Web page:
Messiah The Lord YHWH!

  About 2,000 years ago, an angel appeared to some shepherds in Bethlehem and announced (italics mine):

  "Today a Savior, who is Messiah the Lord, was born for you in the city of David." Luke 2:11

  We can tackle the first three words in another article but for now, let's look at the next few words.

  In the original Greek, the word "Lord" in the above verse is the word κύριος, transliterated as "Kyrios." This is the same word used in the Septuagint for God. The Septuagint is the Hebrew Old Testament translated into Greek by 70 Jewish scholars hundreds of years before Jesus came down to earth.

  The word κύριος is used at least 667 times in the New Testament to refer to God (YHWH), but it is also used to refer to "lord" (at least 54 times), "master" (at least 11 times), "sir" (at least 6 times), "Sir" (at least 6 times), and another 4 times for other words. By leaps and bounds, however, it is used most often for YHWH God.

  Since the word can refer to people other than God, we need to examine the context to determine which definition applies.   

  Take a look at what else Luke's Gospel has recorded for us. 

  The angel had said Messiah was "Christos Kyrios" or more literally, "the Anointed One the Lord."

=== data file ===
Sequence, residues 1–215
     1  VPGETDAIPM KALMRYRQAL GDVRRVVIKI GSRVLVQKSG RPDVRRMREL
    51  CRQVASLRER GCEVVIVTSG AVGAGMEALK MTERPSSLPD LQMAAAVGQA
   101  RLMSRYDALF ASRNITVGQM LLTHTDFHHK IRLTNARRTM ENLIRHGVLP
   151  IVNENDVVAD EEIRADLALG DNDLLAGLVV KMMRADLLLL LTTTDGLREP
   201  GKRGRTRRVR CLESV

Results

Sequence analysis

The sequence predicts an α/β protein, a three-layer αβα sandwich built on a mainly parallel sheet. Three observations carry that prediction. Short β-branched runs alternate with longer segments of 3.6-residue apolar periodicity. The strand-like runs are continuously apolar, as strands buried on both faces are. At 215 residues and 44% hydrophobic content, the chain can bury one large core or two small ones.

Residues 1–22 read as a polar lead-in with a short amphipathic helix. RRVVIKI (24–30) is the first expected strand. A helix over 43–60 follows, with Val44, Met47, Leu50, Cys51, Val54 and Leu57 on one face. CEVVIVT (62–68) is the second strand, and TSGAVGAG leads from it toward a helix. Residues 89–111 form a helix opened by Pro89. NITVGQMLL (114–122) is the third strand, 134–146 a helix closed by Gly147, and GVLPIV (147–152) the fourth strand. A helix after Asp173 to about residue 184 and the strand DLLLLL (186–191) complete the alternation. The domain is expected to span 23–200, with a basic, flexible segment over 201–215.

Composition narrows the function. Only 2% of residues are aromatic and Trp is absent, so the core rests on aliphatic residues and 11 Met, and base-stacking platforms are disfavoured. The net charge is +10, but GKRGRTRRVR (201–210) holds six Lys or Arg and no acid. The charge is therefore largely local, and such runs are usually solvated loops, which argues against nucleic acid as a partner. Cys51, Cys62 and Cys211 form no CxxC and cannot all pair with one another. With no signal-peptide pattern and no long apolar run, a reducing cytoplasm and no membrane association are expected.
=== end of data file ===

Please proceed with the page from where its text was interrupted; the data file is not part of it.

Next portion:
Further in the chapter, a man named Simeon is at the Temple when Joseph and Mary bring in the Child Jesus. And here is what the Gospel writer says about him:  

26 It had been revealed to him by the Holy Spirit that he would not see death before he saw the Lord’s Messiah.

  The words "the Lord’s Messiah" in the original Greek are transliterated as "christon kyriou" or "the Lord's Anointed One." 

  The two titles are given to the same Person: Jesus. 

  "The Anointed One the Lord" is also "the Lord's Anointed One."

  If you still aren't getting it, allow me to spell it out for you.

  "The Anointed One YHWH Jesus" is "YHWH's Anointed One." (see also Psalm 2:2)

  Putting it in reverse:

  "YHWH's Anointed One Jesus" is "The Anointed One YHWH." 

  How can that be?

  Well, Jesus said, "The Father and I are one." (John 10:30)

  This says it all:

Headline Messiah

Jamieson-Fausset-Brown Bible Commentary

Luke 2:11 ... Christ the Lord—"magnificent appellation!" [Bengel].

"This is the only place where these words come together; and I see no way of understanding this "Lord" but as corresponding to the Hebrew Jehovah" [Alford].

Gill's Exposition of the Entire Bible

Luke 2:11... Which is Christ the Lord; the Messiah spoken of by the prophets; the anointed of the Lord, with the Holy Ghost without measure, to be a prophet, priest, and king in his church; 

and who is the true Jehovah, the Lord our righteousness, the Lord of all creatures, the Lord of angels, good and bad, the Lord of all men, as Creator, the Prince of the kings of the earth, the Lord of lords, and King of kings...

Cambridge Bible for Schools and Colleges

Luke 2:11 ... the Lord] In the lower sense the word is used as a mere title of distinction; 

in the higher sense it is (as in the LXX.) the equivalent of the Hebrew ‘Jehovah’—the ineffable name. 

“We preach Christ Jesus the Lord,” 2 Corinthians 4:5 (see Php 2:11; Romans 14:9; 1 Corinthians 8:6; “No one can say that Jesus is the Lord but by the Holy Ghost,” 1 Corinthians 12:3).

Jesus is Lord!


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